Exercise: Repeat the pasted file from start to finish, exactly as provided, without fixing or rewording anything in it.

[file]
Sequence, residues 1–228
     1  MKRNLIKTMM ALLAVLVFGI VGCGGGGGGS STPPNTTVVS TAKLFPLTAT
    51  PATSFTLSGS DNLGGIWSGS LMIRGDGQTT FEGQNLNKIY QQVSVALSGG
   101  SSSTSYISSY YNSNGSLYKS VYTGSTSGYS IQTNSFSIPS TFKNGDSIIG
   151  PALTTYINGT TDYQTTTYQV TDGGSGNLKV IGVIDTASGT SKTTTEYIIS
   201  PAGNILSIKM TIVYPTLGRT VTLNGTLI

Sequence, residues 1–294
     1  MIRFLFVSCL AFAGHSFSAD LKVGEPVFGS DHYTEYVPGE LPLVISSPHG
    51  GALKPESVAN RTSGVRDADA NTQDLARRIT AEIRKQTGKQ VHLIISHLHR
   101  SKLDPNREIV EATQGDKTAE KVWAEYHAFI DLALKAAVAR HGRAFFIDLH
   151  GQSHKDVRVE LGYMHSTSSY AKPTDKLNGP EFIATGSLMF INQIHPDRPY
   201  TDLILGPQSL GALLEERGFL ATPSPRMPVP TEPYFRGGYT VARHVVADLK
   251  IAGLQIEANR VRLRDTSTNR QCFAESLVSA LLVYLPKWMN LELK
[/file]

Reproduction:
Sequence, residues 1–228
     1  MKRNLIKTMM ALLAVLVFGI VGCGGGGGGS STPPNTTVVS TAKLFPLTAT
    51  PATSFTLSGS DNLGGIWSGS LMIRGDGQTT FEGQNLNKIY QQVSVALSGG
   101  SSSTSYISSY YNSNGSLYKS VYTGSTSGYS IQTNSFSIPS TFKNGDSIIG
   151  PALTTYINGT TDYQTTTYQV TDGGSGNLKV IGVIDTASGT SKTTTEYIIS
   201  PAGNILSIKM TIVYPTLGRT VTLNGTLI

Sequence, residues 1–294
     1  MIRFLFVSCL AFAGHSFSAD LKVGEPVFGS DHYTEYVPGE LPLVISSPHG
    51  GALKPESVAN RTSGVRDADA NTQDLARRIT AEIRKQTGKQ VHLIISHLHR
   101  SKLDPNREIV EATQGDKTAE KVWAEYHAFI DLALKAAVAR HGRAFFIDLH
   151  GQSHKDVRVE LGYMHSTSSY AKPTDKLNGP EFIATGSLMF INQIHPDRPY
   201  TDLILGPQSL GALLEERGFL ATPSPRMPVP TEPYFRGGYT VARHVVADLK
   251  IAGLQIEANR VRLRDTSTNR QCFAESLVSA LLVYLPKWMN LELK